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    $\begingroup$ I don't understand why a high-rep user is posting something that manifestly doesn't answer the question, and getting a bunch of upvotes for it. Or are you implicitly answering "two to the bit-length-minus-1"? $\endgroup$ Jun 3 '15 at 22:42
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    $\begingroup$ @DavidRicherby: That's three questions! To answer them in order: (i) I posted it because I thought it might help. (ii) I have no idea why I got a bunch of upvotes. (iii) Yes. $\endgroup$
    – TonyK
    Jun 3 '15 at 23:02
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You could call it $2^{\lfloor \log_2(x) \rfloor}$.

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    $\begingroup$ And how is it pronounced? ;-) $\endgroup$ Jun 3 '15 at 10:57
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    $\begingroup$ It's pronounced Frederick $\endgroup$
    – snulty
    Jun 3 '15 at 11:58
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    $\begingroup$ Since this function is well defined for all the numbers you are treating, you could simply introduce the function $\mathbb{R}\rightarrow 2^{\mathbb{N}}$ $\text{Fred}(x)=2^{[\log_2(x)]}$ and recall it in this way. $\endgroup$
    – Lonidard
    Jun 3 '15 at 23:03
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    $\begingroup$ "Two to the Power of the Floor of the Base-Two Logarithm" = TPFBTL of x, pronounced kinda like "top of bottle". $\endgroup$
    – Dan
    Jun 4 '15 at 0:22
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    $\begingroup$ I am really in favor of introducing the name 'top of bottle' for this! It is clear that this function is useful in more (mostly CS-related) situation and top of bottle is an easy to remember name that also relates directly to the proper description of this function. I say we all start plugging in into casual conversation over the next weeks! Thanks Dan for coming up with it! $\endgroup$
    – Vincent
    Jun 4 '15 at 7:45
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Moved from comment

I suggest derivations from octave or binade. These words are typically used to describe ranges spanning powers of two rather than a specific value within them, but because a power-of-two uniquely defines an octave/binade (it is its lowest value; in other words, it is a base value, or a floor), you could use the same word for both the interval and this defining value.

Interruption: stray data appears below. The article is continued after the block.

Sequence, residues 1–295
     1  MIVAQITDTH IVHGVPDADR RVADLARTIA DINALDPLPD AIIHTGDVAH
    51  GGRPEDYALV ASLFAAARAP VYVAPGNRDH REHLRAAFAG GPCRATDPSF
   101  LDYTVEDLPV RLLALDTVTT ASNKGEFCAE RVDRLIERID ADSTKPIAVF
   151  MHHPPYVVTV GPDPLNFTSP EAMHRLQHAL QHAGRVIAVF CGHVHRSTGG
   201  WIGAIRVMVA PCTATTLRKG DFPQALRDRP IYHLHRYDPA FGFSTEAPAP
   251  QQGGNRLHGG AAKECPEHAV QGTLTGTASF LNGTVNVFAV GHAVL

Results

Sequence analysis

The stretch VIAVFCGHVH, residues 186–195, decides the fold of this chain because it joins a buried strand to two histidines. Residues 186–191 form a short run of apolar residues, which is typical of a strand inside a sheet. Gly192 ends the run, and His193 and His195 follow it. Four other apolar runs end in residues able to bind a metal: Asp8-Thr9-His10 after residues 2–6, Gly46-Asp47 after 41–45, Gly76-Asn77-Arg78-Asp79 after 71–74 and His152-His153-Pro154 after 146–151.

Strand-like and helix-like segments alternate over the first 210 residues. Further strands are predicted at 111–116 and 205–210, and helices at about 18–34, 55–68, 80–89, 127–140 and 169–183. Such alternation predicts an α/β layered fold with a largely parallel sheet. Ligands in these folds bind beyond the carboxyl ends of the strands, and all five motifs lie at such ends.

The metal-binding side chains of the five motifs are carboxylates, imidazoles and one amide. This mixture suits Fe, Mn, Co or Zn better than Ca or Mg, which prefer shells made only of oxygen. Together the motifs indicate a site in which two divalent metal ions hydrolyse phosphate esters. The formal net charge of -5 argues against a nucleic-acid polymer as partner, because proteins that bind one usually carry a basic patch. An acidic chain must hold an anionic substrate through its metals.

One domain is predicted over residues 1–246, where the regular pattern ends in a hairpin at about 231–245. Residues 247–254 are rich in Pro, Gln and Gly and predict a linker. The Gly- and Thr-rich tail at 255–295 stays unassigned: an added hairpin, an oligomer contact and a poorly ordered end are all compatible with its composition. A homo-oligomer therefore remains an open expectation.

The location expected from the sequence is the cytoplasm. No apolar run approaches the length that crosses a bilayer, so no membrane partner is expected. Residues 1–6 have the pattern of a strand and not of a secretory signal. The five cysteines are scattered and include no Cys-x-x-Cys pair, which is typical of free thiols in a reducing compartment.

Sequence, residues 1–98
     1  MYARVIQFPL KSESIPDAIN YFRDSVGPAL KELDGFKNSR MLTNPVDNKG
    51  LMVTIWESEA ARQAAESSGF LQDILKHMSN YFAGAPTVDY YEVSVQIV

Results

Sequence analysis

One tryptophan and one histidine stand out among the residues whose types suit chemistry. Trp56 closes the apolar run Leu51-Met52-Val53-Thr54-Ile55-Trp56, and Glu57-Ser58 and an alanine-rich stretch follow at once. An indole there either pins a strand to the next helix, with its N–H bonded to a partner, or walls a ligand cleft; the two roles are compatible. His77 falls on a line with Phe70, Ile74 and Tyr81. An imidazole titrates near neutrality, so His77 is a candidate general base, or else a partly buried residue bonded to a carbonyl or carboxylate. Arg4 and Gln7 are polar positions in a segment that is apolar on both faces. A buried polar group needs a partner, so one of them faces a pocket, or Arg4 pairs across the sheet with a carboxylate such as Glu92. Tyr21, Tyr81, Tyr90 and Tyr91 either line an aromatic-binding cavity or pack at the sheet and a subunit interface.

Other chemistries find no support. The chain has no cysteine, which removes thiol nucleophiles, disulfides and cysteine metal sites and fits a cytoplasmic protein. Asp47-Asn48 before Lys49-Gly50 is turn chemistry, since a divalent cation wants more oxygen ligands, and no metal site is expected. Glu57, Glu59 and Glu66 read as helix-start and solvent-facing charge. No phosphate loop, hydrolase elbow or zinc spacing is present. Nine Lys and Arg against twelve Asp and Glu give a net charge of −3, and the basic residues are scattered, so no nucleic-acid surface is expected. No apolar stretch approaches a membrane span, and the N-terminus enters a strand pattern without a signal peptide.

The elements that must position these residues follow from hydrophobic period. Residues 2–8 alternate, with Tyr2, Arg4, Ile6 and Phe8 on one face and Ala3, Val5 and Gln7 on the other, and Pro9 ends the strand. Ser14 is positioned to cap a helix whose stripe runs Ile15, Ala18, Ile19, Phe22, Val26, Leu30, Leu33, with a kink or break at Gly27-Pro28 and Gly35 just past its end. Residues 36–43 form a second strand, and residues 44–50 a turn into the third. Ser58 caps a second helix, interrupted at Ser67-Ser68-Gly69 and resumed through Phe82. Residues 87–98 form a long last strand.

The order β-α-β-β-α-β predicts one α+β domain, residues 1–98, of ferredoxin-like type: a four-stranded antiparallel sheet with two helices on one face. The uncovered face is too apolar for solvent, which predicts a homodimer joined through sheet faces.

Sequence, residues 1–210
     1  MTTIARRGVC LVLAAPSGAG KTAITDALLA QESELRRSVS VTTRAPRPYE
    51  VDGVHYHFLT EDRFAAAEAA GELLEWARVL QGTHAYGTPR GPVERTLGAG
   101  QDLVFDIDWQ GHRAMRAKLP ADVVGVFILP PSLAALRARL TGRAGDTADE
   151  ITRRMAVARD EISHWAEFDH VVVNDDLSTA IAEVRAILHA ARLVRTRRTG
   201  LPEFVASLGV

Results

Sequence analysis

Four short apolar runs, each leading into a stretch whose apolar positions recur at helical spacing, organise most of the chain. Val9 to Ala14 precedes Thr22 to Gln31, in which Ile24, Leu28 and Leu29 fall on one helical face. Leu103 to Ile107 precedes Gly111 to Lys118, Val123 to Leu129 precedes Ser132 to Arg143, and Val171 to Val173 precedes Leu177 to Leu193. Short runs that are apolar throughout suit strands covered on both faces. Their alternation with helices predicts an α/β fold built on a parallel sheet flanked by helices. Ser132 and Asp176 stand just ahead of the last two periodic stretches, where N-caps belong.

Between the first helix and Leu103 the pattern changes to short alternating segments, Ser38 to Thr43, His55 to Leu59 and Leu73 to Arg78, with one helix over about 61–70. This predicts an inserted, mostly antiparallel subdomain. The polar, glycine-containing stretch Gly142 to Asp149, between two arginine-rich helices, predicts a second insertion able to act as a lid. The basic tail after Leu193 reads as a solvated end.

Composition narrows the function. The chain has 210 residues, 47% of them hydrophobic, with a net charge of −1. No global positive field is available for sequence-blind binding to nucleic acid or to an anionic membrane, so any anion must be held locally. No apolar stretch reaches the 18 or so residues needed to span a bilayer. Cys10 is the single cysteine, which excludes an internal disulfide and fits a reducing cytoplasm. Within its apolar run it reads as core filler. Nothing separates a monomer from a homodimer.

For instance, you could name it the binadic floor. I favour this expression because the concept of binades is clear once formulated, and the concept of floor is unambiguous and generally well-understood. The rarity of "binade" means that "binadic floor" is sufficiently unusual as to not be confused with the regular floor, and "binadic floor" rolls quite well off the tongue.

Another possibility is octaval base/root/floor, but "octave", "base" and "root" all have pre-existing connotations, and when spoken, octaval floor doesn't sound right because the -al and fl- interact poorly, forcing a break.

Let us define the binade of a positive integer $N$ as the set of integers $[2^n, 2^{n+1})$ that contains $N$, and the binadic floor of an integer $N$ as the lower bound of $N$'s binade...

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    $\begingroup$ After reading the (draft) Wikipedia article, binade seems quite excellent. We would just have to tweak the definition to make it more general, with open and closed binades to make it clear that we're not including the upper bound. Also, while it applies to floating point numbers, I don't see why it couldn't be expanded to arbitrary numbers. Seems like a good fit. Introducing the floor and ceil of a binade could be meaningful in our case :) $\endgroup$
    – Morwenn
    Jun 3 '15 at 15:33
  • $\begingroup$ @Morwenn And, if you ever need it, you can talk of trinades, quadranades, 5-nades… (or pentanades, but you have to stop with the Latin somewhere). $\endgroup$ Jun 3 '15 at 19:22
  • $\begingroup$ @Morwenn Actually, binade already implies closed-at-bottom, open-at-top intervals; The reason being that all values in such an interval share the same IEEE-754 exponent. A power of two is the lowest-valued floating-point number to have any given exponent in IEEE-754 representation. $\endgroup$ Jun 3 '15 at 19:27
  • $\begingroup$ @Morwenn I've brooded on this topic for some more time and settled on a name I like a lot, and edited it in above: binadic floor. $\endgroup$ Jun 4 '15 at 2:23
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    $\begingroup$ I definitely like the proposed name, but @templatetypedef found the equivalent hyperfloor which seems to already be used in some research papers and sparsely around the web. As much as I like binadic floor, I will go with hyperfloor for consistency :/ $\endgroup$
    – Morwenn
    Jun 4 '15 at 8:01
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I would just describe it as the "largest power of two not exceeding $x$". See A053644 in OEIS for other names and information.